thine only son Isaac; for, though Ishmael was his son, he was a son by his maid, by his concubine, and not by his wife; Isaac was his only legitimate son, his only son by his lawful wife Sarah; the only son of the promise, his only son, in whom his seed was to be called:

whom thou lovest; on whom his affections were strongly set, being a lovely youth, a dutiful son, and the child of promise; on whom all his hope and expectation of a numerous offspring promised him was built, and in whose line the Messiah was to spring from him; even Isaac, which stands last in the original text: so that, if what had been said was not sufficient to describe him, he is expressed by name, and the description is gradually given, and the name of his son reserved to the last, that he might be by degrees prepared to receive the shocking order; every word is emphatic and striking, and enough to pierce any tender heart, and especially when told what was to be done to him. The Jews (i) represent God and Abraham in a discourse together upon this head: God said, take now thy son; says Abraham, I have two sons; take thine only son; says he, they are both only sons to their mothers; take him whom thou lovest; I love them both, replied he; then take Isaac; thus ended the debate:

and get thee into the land of Moriah; so called by anticipation, from a mountain of that name in it; the Septuagint render it, "the high land", the hill country of the land of Canaan, particularly that part of it where Jerusalem afterwards stood, which was surrounded with hills: hence Aquila, another Greek interpreter, renders it, "conspicuous", as hills and mountains are, and a mountainous country is; Onkelos and Jonathan paraphrase it, "a land of worship", of religious worship; for in this country afterwards the people of God dwelt, the city of the living God was built, and in it the temple for divine service, and that upon Mount Moriah; and the Targum of Jerusalem has it here,"to Mount Moriah;''the Jews are divided about the reason of this name, some deriving it from a word (k) which signifies to "teach", and think it is so called, because doctrine or instruction came forth from thence to Israel; others from a word (l) which signifies "fear", and so had its name because fear or terror went from thence to the nations of the world (m); but its derivation is from another word (n), which signifies to "see", and which is confirmed by what is said Genesis 22:14,

and offer him there for a burnt offering; this was dreadful work he was called to, and must be exceeding trying to him as a man, and much more as a parent, and a professor of the true religion, to commit such an action; for by this order he was to cut the throat of his son, then to rip him up, and cut up his quarters, and then to lay every piece in order upon the wood, and then burn all to ashes; and this he was to do as a religious action, with deliberation, seriousness, and devotion:

upon one of the mountains which I will tell thee of; for there were several of them adjoining to, or pretty near each other, which afterwards went by different names, as Mount Sion, Deuteronomy 4:48; the hill Acra; Mount Calvary, Luke 23:33; and Mount Moriah, 2 Chronicles 3:1; supposed to be the mount intended; and so Aben Ezra says it was the place where the temple was built, and where was the threshing floor of Araunah, 2 Chronicles 3:1. Some learned men are of opinion, that the account which Sanchoniatho (o) gives of Cronus or Saturn sacrificing his own son, refers to this affair of Abraham's; his words are,"there being a pestilence and a mortality, Cronus offered up his only son a whole burnt offering to his father Ouranus;''which Porphyry (p), from the same historian, thus relates; Cronus, whom the Phoenicians call Israel, (a grandson of Abraham's, thought, through mistake, to be put for Abraham himself,) having an only son of a nymph of that country called Anobret, (which according to Bochart (q) signifies one that conceived by grace, see Hebrews 11:11;) whom therefore they called Jeoud (the same with Jehid here, an only once); so an only one is called by the Phoenicians; when the country was in great danger through war, this son, dressed in a royal habit, he offered up on an altar he had prepared. But others (r) are of a different sentiment, and cannot perceive any likeness between the two cases: however, Isaac may well be thought, in the whole of this, to be a type of the Messiah, the true and proper Son of God, his only begotten Son, the dear Son of his love, in whom all the promises are yea and amen; whom God out of his great love to men gave to be an offering and a sacrifice for their sins, and who suffered near Jerusalem, on Mount Calvary, which very probably was a part of Mount Moriah; and which, with other mountains joining in their root, though having different tops, went by that common name.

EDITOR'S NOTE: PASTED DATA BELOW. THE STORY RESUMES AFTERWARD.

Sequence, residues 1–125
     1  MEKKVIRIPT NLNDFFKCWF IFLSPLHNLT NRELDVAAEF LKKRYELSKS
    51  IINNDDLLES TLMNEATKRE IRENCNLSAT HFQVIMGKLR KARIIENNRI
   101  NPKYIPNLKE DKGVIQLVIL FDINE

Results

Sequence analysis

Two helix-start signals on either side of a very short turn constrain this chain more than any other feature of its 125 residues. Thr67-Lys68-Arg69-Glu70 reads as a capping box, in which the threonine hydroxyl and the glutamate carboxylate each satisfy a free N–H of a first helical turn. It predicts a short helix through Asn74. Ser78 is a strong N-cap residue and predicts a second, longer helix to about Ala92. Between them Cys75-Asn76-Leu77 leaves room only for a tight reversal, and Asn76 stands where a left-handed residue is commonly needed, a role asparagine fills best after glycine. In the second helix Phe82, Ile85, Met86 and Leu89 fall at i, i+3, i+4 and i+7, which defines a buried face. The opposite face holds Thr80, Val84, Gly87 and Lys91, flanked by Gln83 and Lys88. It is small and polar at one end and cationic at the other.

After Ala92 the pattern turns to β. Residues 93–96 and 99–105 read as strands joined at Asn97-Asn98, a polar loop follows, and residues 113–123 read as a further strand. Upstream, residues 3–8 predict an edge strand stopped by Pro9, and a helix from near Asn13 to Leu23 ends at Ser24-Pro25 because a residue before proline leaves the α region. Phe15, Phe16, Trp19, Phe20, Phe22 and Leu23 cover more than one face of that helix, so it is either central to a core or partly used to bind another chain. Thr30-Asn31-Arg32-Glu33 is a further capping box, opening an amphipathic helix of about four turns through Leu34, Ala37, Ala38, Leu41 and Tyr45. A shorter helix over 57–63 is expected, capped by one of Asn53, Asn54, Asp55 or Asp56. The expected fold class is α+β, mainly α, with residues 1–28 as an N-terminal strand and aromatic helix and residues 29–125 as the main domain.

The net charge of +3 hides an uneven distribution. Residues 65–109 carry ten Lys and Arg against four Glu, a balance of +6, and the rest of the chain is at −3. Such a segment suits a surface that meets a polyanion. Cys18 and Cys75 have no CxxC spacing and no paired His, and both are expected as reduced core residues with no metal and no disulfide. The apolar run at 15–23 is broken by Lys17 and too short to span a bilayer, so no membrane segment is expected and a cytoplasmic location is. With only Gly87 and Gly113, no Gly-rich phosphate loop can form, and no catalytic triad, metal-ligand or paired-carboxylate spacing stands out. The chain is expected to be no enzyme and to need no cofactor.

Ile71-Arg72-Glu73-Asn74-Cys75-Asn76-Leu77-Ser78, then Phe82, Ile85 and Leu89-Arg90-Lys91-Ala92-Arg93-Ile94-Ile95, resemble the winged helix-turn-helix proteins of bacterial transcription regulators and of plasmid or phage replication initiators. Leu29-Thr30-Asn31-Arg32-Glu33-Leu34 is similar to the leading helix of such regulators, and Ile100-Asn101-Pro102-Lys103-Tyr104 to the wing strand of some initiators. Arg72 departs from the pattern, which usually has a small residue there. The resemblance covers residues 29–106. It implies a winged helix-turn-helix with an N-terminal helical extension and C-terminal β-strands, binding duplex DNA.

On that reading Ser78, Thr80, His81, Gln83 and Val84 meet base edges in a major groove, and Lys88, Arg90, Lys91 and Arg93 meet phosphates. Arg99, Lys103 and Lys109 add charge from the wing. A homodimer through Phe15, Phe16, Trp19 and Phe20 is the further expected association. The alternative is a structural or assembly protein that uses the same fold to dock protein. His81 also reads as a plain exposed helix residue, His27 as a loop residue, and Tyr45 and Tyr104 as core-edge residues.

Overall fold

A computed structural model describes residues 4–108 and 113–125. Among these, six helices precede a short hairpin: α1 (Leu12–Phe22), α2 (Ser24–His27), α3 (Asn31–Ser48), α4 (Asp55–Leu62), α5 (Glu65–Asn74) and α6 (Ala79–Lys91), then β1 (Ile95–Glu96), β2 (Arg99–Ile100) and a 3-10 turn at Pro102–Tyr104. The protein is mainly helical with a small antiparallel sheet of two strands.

(i) T. Bab. Sanhedrin, fol. 89. 2. Pirke Eliezer, c. 31. Jarchi in loc. (k) "docuit". (l) "timuit". (m) T. Bab. Taanith, fol. 16. 1.((n) "vidit". (o) Apud Euseb. Evangel. Praeparat. p. 38. (p) Apud ib. p. 40. & l. 4. c. 15. p. 156. (q) Canaan, l. 2. c. 2. col. 711, 712. (r) See Cumberland's Sanchoniatho, p. 37, 38, 134, &c.